Take it a step further and grow a few plants indoors—they can be used to “grow” your own fresh air.  Some of the best plants for this are plants with a large surface area, such as ferns, palms, and lilies. These have been shown to reduce contaminants such as formaldehyde, carbon monoxide, xylene, and benzene.

It almost seems too simple but air’s effect is proven.  A breath of fresh air will make you feel better right now, and even more frequent and habitual breaths will help sustain your healthy, happy life for years to come.  Okay, this video is nearly over so take a step back, put on your shoes, and go outside for some fresh air.  3-2-1…


About the Author

Randy Bivens, MD

Dr. Randy Bivens graduated from Loma Linda School of Medicine, completing first an internal medicine internship, then a diagnostic radiology residency. In addition to serving as president of Life and Health Network, Dr. Bivens is also president of Bivens Medical Corporation, an imaging consulting service.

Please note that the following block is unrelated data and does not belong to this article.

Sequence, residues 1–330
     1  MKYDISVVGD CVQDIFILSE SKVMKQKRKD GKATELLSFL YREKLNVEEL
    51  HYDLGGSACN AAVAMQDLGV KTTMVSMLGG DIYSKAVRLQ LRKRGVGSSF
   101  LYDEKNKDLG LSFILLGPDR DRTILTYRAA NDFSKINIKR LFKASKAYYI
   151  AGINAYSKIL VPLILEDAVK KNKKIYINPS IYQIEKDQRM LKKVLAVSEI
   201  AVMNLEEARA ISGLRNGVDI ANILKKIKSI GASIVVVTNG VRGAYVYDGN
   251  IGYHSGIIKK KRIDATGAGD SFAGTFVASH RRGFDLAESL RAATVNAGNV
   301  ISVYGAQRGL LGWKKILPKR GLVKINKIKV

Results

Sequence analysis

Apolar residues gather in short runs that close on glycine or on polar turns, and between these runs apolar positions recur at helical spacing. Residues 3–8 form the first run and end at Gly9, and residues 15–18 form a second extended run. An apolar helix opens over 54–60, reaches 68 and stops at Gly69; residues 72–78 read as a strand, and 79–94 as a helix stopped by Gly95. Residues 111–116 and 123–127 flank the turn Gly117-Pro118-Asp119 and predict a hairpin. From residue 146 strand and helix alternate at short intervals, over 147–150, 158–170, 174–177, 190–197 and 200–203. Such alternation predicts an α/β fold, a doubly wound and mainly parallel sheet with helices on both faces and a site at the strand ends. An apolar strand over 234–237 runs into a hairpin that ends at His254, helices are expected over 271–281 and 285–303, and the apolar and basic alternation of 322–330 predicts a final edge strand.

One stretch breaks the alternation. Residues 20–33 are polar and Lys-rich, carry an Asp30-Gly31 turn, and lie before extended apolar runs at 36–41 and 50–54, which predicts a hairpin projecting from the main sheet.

2 comments on “8 Laws of Health Series | Air

  1. Hello, my name is Sabina Sliney. I am a registered nurse with a master’s decree in public health. Your videos are so modern, entertaining, and educational. I was wondering if I could play them at my booth at the Tulare
    County Fair for the education of the public. I will not be reselling your material. Thank-you Sabina Sliney RN, BSN, MPH, CCRN

    • Hello Sabina, we are glad you enjoy our videos. Sure, you may use them at your booth. We hope many people will be able to learn more about health through them.